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Chapter IV: Coal, Quarries and Concessions (continued)

Small wonder that the Pellys and Pittmans, upon hearing of this disconcertingly efficient plant, quickly replaced their humble horse-powered pugmills with Quaker machines.

Indeed, the Elliots Cove plant might have put the Pellys and Pittmans out of business had it not been poorly situated: its nearby clay deposit was ridden with pebbles and far too small to support a large-scale operation. When a fire levelled the brickyard in the fall of 1903, The Brick and Tile Manufacturing Company decided to move elsewhere. The company reorganized into The Newfoundland Brick and Manufacturing Company Limited in 1904 to make sand and lime bricks in St. John's, but closed in 1908.

Living in Elliots Cove when The Brick and Tile Manufacturing Company first arrived in 1890 were three Smith brothers: Tom, Aaron and Charles. Tom worked in the 1890s and 1900s running a ferry between Elliots Cove and the Clarenville railway station. Lumbermen Aaron and Charles, however, became intrigued by the company's brickworks. They observed it closely and in 1895 opened up their own small brickyard in Snooks Harbour on the opposite side of Random Island.

The Smith brothers' brickyard originally resembled a museum of second-hand machinery. In 1895 they bought an old pugmill from Charles Pelley for $1; in 1901 they bought another discarded Pelly pugmill; and in 1903 they carefully salvaged some of the charred remnants of The Brick and Tile Manufacturing Company's equipment in Elliots Cove. With much ingenuity and hard work they made enough money using these antiques to buy their own Quaker machine in 1905.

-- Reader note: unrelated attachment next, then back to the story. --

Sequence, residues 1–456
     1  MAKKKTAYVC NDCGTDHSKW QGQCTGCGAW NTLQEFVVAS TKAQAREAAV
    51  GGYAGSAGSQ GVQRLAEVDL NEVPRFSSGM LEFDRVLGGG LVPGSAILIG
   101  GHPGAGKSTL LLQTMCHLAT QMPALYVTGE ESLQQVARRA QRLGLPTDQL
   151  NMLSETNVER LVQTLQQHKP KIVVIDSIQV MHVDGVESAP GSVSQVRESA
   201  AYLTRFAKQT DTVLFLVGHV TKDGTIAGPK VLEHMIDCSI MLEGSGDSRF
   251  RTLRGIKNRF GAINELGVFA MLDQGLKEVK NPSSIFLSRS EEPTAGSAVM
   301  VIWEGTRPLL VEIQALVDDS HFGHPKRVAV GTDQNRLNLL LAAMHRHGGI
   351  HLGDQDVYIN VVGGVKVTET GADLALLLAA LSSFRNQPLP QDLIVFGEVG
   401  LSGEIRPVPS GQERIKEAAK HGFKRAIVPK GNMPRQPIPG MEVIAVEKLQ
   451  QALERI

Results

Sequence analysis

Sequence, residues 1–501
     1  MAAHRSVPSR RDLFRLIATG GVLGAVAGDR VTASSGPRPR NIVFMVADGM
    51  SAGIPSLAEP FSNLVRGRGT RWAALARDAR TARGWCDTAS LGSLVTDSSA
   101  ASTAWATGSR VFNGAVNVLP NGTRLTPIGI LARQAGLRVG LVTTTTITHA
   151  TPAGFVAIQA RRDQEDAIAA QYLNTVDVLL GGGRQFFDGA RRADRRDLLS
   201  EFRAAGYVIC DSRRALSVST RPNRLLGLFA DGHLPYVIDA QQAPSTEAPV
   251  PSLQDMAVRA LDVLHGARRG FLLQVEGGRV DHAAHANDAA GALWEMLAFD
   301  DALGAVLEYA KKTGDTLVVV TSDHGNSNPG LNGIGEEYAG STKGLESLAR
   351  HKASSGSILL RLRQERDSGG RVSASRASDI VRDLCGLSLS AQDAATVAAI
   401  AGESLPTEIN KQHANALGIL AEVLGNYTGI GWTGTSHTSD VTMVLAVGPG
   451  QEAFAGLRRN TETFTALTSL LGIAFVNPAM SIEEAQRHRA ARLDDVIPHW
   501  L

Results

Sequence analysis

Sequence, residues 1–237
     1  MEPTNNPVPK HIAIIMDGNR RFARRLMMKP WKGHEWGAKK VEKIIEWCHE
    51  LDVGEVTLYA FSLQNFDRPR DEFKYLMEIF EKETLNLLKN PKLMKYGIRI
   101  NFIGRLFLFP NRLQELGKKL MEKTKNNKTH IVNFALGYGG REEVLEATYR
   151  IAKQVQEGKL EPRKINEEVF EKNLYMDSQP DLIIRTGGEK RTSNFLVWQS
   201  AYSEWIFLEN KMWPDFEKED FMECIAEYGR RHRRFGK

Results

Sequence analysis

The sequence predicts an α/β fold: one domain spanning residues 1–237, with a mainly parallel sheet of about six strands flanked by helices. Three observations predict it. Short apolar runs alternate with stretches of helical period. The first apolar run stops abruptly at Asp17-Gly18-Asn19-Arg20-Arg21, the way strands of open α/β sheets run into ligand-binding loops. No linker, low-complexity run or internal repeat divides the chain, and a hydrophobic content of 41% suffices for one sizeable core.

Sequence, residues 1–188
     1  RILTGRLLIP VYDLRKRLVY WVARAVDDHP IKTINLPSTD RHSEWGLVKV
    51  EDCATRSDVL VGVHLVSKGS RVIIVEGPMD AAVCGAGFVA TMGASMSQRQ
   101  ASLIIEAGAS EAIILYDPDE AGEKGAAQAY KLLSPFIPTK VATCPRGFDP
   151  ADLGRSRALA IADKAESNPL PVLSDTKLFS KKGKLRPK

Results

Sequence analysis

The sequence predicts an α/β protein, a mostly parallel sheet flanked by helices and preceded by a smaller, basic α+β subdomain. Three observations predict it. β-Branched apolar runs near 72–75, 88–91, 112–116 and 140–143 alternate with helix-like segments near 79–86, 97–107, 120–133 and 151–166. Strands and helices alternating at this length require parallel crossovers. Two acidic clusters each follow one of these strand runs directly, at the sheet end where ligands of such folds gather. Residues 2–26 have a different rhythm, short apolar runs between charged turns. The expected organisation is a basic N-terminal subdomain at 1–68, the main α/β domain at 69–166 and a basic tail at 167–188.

From the 1900s until 1949, the Smiths' Snook Harbour plant operated at a marginal profit and supplied bricks for local consumption. As Aaron and Charles grew older, Aaron's sons, Atwood and Norman, took control of the family business. However, with Confederation in 1949, the Newfoundland tariff on the cheaper Canadian bricks disappeared, taking with it the Smiths' profits. The two brothers and all their employees were thrown out of work. They tried in vain to have the Newfoundland government take over the brickyard, but in 1952 were forced to close down by lack of a market.


Four of the preceding seven commodities - slate, granite, oil and coal - reached their peak of productivity in Newfoundland between 1898 and 1908, in which interlude occurred social, political and scientific events of international import. Within the decade Queen Victoria died, Russia experienced its abortive 1905 Revolution, Albert Einstein revealed the Special Theory of Relativity and mankind learned to fly.

Newfoundland reacted ambivalently to the changing centuries, and its mining industry reflected this ambivalence. The copper boom was in its death throes. The two giants of modern insular Newfoundland mining - Buchans and St. Lawrence - had yet to appear. Neatly spanning both phases, bridging the nineteenth and twentieth centuries in fact and in spirit, lay the Bell Island iron mines.